What Are Web Application Firewall (WAF) Rules?

Web application firewall (WAF) rules are used to define how to inspect HTTP/HTTPS web traffic (requests) to an application, where and what parameters and conditions to look for in the request, and what action the WAF should take when a request matches those definitions. A set of security rules constitutes a security policy.

As applications constantly evolve with new services and pages alongside a constantly growing threat landscape, security policies need to be updated regularly. Updating a security policy means updating and finetuning the set of rules that comprise that security policy to answer the most relevant security threats and needs of the application.

What Are Fundamental (Pre-defined) WAF Rules

Each WAF comes with a basic set of rules out of the box. In most cases these rules are based on certain blocklists as per known signatures, bad reputation IP lists, etc.

The better the WAF, the broader and more robust, and more relevant the pre-defined ruleset would be to answer to the most current cyber security threats. Although these rules are pre-defined, WAF vendors must constantly and continuously update them to ensure their customers are protected against the very latest threats.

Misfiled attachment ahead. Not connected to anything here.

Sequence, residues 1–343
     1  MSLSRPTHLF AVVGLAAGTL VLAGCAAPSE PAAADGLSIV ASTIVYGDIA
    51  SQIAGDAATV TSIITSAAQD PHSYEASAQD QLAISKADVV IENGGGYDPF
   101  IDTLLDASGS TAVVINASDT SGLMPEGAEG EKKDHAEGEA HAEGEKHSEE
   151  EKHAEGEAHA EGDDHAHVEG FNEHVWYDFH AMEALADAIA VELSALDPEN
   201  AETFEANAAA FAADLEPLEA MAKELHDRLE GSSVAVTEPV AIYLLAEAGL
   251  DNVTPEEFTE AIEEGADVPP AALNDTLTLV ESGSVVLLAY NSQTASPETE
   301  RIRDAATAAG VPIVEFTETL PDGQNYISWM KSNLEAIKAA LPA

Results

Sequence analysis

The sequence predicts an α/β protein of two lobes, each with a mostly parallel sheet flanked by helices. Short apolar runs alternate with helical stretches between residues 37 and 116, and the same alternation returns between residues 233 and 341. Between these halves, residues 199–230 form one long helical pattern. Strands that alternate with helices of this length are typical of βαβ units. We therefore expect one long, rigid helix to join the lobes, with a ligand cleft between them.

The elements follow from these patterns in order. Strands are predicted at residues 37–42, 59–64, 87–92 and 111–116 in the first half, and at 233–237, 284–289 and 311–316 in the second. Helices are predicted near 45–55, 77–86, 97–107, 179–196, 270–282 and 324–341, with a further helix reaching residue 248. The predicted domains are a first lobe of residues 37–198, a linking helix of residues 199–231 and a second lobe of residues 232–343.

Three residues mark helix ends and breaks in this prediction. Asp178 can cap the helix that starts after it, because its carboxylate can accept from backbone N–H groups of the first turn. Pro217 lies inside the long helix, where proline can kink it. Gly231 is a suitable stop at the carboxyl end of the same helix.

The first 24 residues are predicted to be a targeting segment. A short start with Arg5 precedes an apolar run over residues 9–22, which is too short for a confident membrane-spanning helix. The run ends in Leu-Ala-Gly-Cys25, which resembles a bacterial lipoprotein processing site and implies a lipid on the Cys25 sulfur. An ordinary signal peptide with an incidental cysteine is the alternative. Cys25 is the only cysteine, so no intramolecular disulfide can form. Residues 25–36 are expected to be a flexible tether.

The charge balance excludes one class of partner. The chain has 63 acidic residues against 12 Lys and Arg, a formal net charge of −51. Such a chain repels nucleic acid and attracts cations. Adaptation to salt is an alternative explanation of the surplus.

What Are Advanced WAF Rules

Advanced WAFs allow analysts, security experts, and other users to define advanced rules with granular customization options to improve their applications’ security and performance and reduce network load on application servers.

Here are some examples of custom rules:

  • Block access to specific sections of a website based on IP address or Headers

  • Prevent search engine bots from accessing a website

  • Redirect traffic to a maintenance page

  • Add an additional header to specific requests

  • Change the value of a header to another value

Rules are usually comprised of rule metadata, a set of conditions, and an action.


For each rule, you can set a rule name and a rule description. The rule metadata information is used to describe the rule and is also presented as part of the security event that is generated when a rule is triggered. You can also set the rule state to be enabled or disabled.


Conditions are used to trigger the rule by matching a condition to the content of the request. For each rule, you can set multiple conditions.


An action will take place in case the requests matched the conditions described in the conditions section of the rule. The available actions are in dependent on the rule type that is selected.

Rules are usually arranged according to their action type into four major groups:


In most industry-standard WAFs HTTP/S Requests are matched against rules according to a predefined priority. For instance, Redirect RulesSecurity RulesRewrite Rules and within each group, you can set the internal priority of existing rules within that group

How to set up and manage Radware WAF rules